coenzyme A


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coenzyme

 [ko-en´zīm]
an organic molecule, usually containing phosphorus and some vitamins, sometimes separable from the enzyme protein; a coenzyme and an apoenzyme must unite in order to function (as a holoenzyme).
coenzyme A a coenzyme essential for carbohydrate and fat metabolism; among its constituents are pantothenic acid and a terminal SH group, which forms linkages with various acids, e.g., acetic acid (acetyl CoA) and fatty acids (acyl CoA); abbreviated CoA.
coenzyme Q any of a group of related quinones occurring in the lipid fraction of mitochondria and serving, along with the cytochromes, as an intermediate in electron transport; they are similar in structure and function to vitamin K1.
Miller-Keane Encyclopedia and Dictionary of Medicine, Nursing, and Allied Health, Seventh Edition. © 2003 by Saunders, an imprint of Elsevier, Inc. All rights reserved.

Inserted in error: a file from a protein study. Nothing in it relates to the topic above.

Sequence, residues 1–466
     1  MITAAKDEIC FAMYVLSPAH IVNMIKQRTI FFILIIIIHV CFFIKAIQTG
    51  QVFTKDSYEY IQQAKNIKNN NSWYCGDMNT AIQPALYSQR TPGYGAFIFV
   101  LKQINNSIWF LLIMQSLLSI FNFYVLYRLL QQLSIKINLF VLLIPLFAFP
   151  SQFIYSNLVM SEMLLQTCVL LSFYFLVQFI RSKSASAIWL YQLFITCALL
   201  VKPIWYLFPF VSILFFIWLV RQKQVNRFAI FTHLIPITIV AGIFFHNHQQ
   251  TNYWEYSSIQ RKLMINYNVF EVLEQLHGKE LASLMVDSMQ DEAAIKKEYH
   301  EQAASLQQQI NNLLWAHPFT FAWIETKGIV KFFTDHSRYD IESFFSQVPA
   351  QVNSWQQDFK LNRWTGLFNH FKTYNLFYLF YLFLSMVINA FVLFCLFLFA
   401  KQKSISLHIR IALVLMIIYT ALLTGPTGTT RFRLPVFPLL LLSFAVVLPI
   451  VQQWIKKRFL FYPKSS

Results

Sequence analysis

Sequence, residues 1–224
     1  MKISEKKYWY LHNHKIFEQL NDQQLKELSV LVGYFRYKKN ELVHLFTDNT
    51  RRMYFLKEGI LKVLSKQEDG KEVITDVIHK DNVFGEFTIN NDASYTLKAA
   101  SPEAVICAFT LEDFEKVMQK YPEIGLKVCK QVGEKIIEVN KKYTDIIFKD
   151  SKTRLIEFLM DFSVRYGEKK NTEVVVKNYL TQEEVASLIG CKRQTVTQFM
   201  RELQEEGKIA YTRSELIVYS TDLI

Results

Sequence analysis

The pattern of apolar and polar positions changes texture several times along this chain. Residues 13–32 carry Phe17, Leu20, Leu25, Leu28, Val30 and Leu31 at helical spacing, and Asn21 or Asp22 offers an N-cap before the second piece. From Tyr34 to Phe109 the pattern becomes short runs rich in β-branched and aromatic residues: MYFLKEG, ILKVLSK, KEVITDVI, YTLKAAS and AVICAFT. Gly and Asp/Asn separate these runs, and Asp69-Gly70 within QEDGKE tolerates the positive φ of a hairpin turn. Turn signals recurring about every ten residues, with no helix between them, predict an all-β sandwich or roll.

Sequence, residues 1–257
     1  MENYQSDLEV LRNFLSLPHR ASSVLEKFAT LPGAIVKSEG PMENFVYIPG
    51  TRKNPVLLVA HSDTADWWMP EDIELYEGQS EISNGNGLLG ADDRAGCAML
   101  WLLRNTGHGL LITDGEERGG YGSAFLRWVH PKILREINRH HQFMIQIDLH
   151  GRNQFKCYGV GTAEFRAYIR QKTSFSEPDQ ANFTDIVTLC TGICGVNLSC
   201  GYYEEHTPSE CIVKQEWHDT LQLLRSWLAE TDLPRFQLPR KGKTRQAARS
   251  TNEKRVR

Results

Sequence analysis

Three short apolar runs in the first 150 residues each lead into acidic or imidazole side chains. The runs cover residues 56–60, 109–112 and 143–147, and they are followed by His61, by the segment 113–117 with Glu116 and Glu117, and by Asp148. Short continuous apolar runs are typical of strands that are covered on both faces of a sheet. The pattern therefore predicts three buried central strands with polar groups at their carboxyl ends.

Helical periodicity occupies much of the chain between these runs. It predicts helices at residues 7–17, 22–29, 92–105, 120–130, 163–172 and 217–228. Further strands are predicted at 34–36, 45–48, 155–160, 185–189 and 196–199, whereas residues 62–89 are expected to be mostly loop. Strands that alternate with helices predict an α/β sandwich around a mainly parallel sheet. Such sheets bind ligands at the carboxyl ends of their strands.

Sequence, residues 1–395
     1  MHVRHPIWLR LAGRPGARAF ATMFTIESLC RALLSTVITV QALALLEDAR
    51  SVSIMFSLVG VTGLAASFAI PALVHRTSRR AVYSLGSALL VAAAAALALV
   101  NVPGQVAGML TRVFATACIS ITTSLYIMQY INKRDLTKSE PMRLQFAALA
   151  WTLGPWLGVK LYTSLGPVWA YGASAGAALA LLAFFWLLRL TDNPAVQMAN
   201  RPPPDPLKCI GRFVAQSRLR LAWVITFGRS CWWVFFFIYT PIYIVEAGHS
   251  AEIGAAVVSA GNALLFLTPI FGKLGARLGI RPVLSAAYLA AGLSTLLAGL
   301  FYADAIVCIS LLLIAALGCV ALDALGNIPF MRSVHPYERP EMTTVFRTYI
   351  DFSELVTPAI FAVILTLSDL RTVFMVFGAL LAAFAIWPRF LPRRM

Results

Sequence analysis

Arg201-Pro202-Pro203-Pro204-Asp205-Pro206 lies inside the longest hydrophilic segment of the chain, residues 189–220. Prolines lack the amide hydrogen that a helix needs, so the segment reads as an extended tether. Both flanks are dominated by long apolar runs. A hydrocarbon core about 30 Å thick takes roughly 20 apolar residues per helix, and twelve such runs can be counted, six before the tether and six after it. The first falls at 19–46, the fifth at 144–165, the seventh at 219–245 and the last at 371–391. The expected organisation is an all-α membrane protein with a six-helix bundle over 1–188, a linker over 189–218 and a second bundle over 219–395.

co·en·zyme A (CoA),

(kō-en'zīm),
A coenzyme containing pantothenic acid, adenosine 3'-phosphate 5'-pyrophosphate, and cysteamine; involved in the transfer of acyl groups, notably in transacetylations.
Farlex Partner Medical Dictionary © Farlex 2012

coenzyme A

n. Abbr. CoA
A coenzyme present in all living cells that transfers acetyl or acyl groups in metabolic reactions and that regulates gene expression through acetylation of histones.
The American Heritage® Medical Dictionary Copyright © 2007, 2004 by Houghton Mifflin Company. Published by Houghton Mifflin Company. All rights reserved.

co·en·zyme A

(CoA) (kō-en'zīm)
A coenzyme containing pantothenic acid, adenosine 3'-phosphate 5'-pyrophosphate, and cysteamine; involved in the transfer of acyl groups, notably in transacetylations.
Medical Dictionary for the Health Professions and Nursing © Farlex 2012

coenzyme A

see ACETYLCOENZYME A.
Collins Dictionary of Biology, 3rd ed. © W. G. Hale, V. A. Saunders, J. P. Margham 2005
References in periodicals archive ?
"Coenzyme A looks like a prebiotic type of molecule because it seems to have formed from assorted building blocks, such as nucleotides and amino acids," says James P.
This work paralleled the work done the year before by Bloch, who used carbon-14 as a tracer to work out the way coenzyme A was involved with cholesterol synthesis.